A December 2010 report by Human Rights Watch outlines the lack of accountability for human rights abuses committed during and following the June 2009 coup in Honduras. The report also documents 47 cases of threats or attacks, including 18 killings, against journalists, human rights defenders, and political activists since the inauguration of Honduran President Porfirio Lobo in January 2010.
According to José Miguel Vivanco, Americas director at Human Rights Watch, “It is clear from our findings that until Honduran authorities take concrete steps to reduce impunity and stop the attacks, it will be very difficult to restore trust in the country’s democratic system.”
HRW notes that, “After the coup, security forces committed serious human rights violations—including excessive force against demonstrators and arbitrary detentions—as well as illegitimate restrictions on freedom of expression and assembly. No one has been held criminally responsible for any of these violations. The Human Rights Unit of the Attorney General’s Office has filed charges in 20 cases of alleged violations committed under the de facto government. Judges acquitted the defendants in eight cases and the rest remain pending before the courts, including some cases that are stalled because the accused remain at large.”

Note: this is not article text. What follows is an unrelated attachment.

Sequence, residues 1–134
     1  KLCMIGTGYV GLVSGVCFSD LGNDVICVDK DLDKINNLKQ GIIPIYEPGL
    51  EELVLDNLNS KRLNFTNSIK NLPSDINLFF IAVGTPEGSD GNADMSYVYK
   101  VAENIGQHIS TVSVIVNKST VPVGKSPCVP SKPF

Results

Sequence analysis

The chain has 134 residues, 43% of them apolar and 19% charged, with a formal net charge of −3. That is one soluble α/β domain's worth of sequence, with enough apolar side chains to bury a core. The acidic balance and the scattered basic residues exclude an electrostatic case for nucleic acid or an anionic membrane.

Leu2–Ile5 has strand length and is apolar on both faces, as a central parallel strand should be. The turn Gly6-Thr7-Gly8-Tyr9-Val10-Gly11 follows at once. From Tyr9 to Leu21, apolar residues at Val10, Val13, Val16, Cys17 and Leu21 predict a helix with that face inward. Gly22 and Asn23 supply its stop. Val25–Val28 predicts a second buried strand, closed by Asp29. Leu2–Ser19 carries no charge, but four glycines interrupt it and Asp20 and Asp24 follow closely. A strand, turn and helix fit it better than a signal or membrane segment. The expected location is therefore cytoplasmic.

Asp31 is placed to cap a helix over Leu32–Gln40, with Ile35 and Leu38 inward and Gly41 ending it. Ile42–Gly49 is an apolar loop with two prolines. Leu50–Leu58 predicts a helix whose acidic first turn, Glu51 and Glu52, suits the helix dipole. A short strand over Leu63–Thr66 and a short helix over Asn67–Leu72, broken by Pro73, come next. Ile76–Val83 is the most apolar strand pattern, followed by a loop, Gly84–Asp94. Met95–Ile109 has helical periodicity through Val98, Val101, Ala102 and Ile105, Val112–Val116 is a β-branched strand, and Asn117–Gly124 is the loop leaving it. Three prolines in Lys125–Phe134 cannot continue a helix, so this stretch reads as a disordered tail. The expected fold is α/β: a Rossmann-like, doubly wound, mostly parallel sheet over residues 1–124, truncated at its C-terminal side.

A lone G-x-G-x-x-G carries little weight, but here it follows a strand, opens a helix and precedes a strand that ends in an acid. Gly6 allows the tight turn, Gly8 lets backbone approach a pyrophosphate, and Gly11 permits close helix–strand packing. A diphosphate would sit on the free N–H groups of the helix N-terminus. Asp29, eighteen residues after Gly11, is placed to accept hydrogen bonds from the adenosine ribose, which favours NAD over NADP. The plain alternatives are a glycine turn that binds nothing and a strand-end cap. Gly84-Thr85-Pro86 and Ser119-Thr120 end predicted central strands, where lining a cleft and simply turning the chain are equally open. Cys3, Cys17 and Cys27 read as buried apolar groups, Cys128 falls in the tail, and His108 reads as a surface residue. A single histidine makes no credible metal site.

Ongoing political polarization, HRW suggests, fuels “a climate of fear that has undermined basic freedoms in Honduras.” One activist told HRW “she had felt compelled to abandon her political activities after armed men accosted her and her daughters. Another, who was shot in the leg during an assassination attempt, said he had stopped participating in political activities as a result of the attack. A radio journalist held that a colleague left his job at the station where they worked after receiving repeated death threats for his political views.” The full report is well worth a close look.